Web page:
No matter how much thought and time goes into advance planning, knowledge work often requires people to make collaborative decisions in response to unforeseen, novel, or complex problems. That’s why communication between staff members in essential, be it face-to-face communication or virtual communication. In the health care industry, all the medical information about a patient can be accessed by the doctor, wherever and whenever it is needed. When a patient is sees several physicians, as is often the case, caregivers working in different locations at different times can coordinate effectively.
Step 3: Collect process data
Execution-as-efficiency focuses on performance data, which capture what happened. Execution-as-learning pays just as much attention to process data, which describe how work unfolds. IHC, for example, recognized that physicians, as highly educated experts, might resist process guidelines developed by a committee. For that reason and others, IHC does not discourage doctors from deviating from the guidelines. In fact, the organization invites them to, anytime they judge that good patient care requires it. The only condition: They have to help IHC learn by entering into the computer what they did differently and why. This valuable feedback is used by a teams of experts to make updates and refinements in the guidelines. Most of the time, the deviations help identify ways the guidelines could be made more precise, by taking relevant patient differences into account. The fact that protocols are not hard-and-fast rules but are instead flexible made them acceptable to physicians.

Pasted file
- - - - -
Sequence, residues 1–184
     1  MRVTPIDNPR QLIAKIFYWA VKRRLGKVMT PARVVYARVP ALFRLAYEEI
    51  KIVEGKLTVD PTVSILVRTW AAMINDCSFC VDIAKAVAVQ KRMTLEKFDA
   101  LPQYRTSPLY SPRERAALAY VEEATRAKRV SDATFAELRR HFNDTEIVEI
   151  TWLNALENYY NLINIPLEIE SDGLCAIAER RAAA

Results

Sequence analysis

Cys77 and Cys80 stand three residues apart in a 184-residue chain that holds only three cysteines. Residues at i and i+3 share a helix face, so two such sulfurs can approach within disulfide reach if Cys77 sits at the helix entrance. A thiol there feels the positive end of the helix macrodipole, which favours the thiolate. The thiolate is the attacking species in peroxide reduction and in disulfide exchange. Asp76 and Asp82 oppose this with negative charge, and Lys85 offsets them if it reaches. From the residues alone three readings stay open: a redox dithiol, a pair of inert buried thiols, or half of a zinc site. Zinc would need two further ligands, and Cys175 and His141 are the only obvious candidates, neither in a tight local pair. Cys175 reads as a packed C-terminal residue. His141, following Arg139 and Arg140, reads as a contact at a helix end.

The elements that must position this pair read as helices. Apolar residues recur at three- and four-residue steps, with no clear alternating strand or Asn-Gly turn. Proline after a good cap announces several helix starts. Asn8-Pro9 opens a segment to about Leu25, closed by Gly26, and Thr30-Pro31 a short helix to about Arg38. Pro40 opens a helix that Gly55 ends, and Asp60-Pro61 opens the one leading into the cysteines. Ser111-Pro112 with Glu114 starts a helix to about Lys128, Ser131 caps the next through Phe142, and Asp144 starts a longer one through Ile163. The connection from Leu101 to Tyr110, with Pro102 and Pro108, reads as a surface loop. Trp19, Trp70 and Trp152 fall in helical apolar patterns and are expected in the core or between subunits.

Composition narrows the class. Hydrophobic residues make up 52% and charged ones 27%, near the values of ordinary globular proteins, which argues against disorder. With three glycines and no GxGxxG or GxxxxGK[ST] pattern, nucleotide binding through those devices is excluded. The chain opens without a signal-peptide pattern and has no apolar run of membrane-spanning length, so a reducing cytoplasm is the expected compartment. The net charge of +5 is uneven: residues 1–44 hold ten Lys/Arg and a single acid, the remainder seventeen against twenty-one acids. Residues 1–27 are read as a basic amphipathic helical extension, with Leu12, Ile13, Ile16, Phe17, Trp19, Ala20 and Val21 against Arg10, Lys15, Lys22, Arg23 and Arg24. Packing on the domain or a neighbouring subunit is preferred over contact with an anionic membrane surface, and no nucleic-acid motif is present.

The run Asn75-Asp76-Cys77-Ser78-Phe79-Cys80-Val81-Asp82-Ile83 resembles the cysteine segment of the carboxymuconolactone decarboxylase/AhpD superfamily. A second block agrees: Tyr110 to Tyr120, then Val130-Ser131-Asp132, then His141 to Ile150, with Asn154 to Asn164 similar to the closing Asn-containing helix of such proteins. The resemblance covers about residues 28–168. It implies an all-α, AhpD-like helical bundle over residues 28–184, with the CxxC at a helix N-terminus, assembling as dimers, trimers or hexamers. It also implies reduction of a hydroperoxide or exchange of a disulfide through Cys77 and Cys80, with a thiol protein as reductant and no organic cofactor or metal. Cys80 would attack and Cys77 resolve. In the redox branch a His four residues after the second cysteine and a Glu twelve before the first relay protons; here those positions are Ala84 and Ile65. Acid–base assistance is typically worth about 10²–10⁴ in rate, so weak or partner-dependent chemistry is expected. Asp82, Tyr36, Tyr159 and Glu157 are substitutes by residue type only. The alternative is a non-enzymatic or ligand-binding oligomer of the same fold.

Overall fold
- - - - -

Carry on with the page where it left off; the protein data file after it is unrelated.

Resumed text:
Step 4: Institutionalize disciplined reflection
The goal of collecting process data is to understand what goes right and what goes wrong, and to prevent failures from recurring. At IHC, teams of experts periodically analyze data collected during clinical activities. Often, these analyses suggest improvements to the guidelines, which are then integrated into the design of future processes. At the Cleveland Clinic, teams of physicians drawn from hospitals all over the system study process data and identify areas for improvement throughout the organization’s many sites. By 2006, the Clinic had seven such teams, including heart failure, stroke, diabetes, and orthopedic surgery. Process data showed, for instance, that stroke patients treated at various sites at the Clinic had not always received a blood thinner within the three-hour window that research identified as the standard of care. An analysis of patient outcomes helped to make the blood thinner treatment the standard of stroke care for all Cleveland Clinic hospitals. As a result of this disciplined reflection, the hospitals doubled their use of the blood thinner and reduced complications from stroke by 50%.
Although the execution-as-learning strategy obviously has its benefits for the long run. But there are working places like, call centers, fast-food restaurants, and manufacturing plants, where doing things faster and better than the competition is critical. These working places often abide by the execution-as-efficiency strategy and focus on short-term-goals. But even in such organizations, employees must learn if they are to improve. In work environments characterized by fear, the four steps describes above become difficult, if not impossible, to follow.